October 25, 2014
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Guidry v. Arena Football

by SEC
February 25, 2000 - Arena Football League (1987-2008) (AFL I)

Guidry v. Arena Football

UNITED STATES DISTRICT COURT
DISTRICT OF NEW JERSEY
 
 
 
 
JAMES GUIDRY, CALVIN SCHEXNAYDER, )
MIKE PAWLAWSKI, GARY COMPTON, )
CLINT DOLEZEL, GREG HOPKINS, ) Civil Action No.
JAMAL ELLIS, on behalf of themselves and )
all others similarly situated, )
)
Plaintiffs, )
)
V. )
)
)
ARENA FOOTBALL LEAGUE, L.L.C., )
DIVERSIFIED BUSINESS ENTERPRISES, INC., )
PHOENIX ARENA SPORTS LIMITED PARTNERSHIP, )
BUFFALO SPORTS, ENTERPRISES, INC., ) COMPLAINT AND DEMAND
FLORIDA BOBCATS, INC., DP FOX FOOTBALL )
HOLDINGS, L.L.C., IOWA PRO FOOTBALL, L.P., ) FOR JURY TRIAL
FOSTERING SPORTS IN IOWA, INC., )
ROCKET BALL, LTD., LLA SPORTS, INC., )
MILWAUKEE MUSTANGS ARENA FOOTBALL, INC., )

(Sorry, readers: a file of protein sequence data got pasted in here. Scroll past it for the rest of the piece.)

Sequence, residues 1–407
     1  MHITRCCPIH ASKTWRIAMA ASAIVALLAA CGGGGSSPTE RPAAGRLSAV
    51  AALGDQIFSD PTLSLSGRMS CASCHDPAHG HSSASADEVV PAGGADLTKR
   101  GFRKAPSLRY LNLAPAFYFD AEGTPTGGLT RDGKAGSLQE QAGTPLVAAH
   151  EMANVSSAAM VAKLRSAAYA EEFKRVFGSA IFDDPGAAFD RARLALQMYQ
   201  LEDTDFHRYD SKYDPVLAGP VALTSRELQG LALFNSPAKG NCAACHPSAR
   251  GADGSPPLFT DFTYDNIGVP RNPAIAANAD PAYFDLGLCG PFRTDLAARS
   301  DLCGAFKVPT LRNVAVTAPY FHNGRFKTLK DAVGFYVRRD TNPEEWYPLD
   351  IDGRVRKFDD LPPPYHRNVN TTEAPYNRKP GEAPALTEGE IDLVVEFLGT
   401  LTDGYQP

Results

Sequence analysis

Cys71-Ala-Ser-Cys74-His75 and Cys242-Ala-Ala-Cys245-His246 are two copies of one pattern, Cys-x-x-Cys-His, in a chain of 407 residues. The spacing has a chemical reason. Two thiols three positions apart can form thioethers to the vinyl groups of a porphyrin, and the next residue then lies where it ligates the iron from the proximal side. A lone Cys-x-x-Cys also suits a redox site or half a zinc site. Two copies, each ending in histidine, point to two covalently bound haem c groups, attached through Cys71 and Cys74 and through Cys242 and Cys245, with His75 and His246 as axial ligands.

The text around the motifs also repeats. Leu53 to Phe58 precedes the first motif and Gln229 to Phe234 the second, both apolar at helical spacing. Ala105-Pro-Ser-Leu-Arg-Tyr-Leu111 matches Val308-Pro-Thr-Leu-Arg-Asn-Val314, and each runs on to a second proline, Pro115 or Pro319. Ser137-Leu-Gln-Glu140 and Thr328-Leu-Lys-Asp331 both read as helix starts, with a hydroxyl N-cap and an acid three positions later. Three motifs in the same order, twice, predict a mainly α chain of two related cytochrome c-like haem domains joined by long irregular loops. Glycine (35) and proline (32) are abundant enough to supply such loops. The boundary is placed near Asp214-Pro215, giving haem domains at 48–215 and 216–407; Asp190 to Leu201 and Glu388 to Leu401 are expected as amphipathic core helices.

NASHVILLE KATS, L.L.C., NEW ENGLAND SEA )
WOLVES, L.L.C., NEW JERSEY ARENA FOOTBALL, )
INC., ORLANDO PREDATORS ENTERTAINMENT, INC., )
PORTLAND FOREST DRAGONS, L.L.C., )
SAN JOSE SABERCATS, L.P., SAN JOSE ARENA )
FOOTBALL CO., L.L.C., and PIGSKIN, INC., )
)
Defendants. )
 
 
CLASS ACTION COMPLAINT AND DEMAND FOR JURY TRIAL
 
Plaintiffs, by their undersigned counsel, for their Complaint against the
 
above-named Defendants allege as follows:
 
 
 
INTRODUCTION
------------
 
1. This antitrust class action is brought by plaintiffs on behalf of
current and former Arena Football League ("AFL") players against the Arena
Football League, L.L.C. and the owners and operators of each AFL member team to
redress defendants' unlawful practices that have stifled and suppressed
competition for the services of plaintiffs and similarly situated first-tier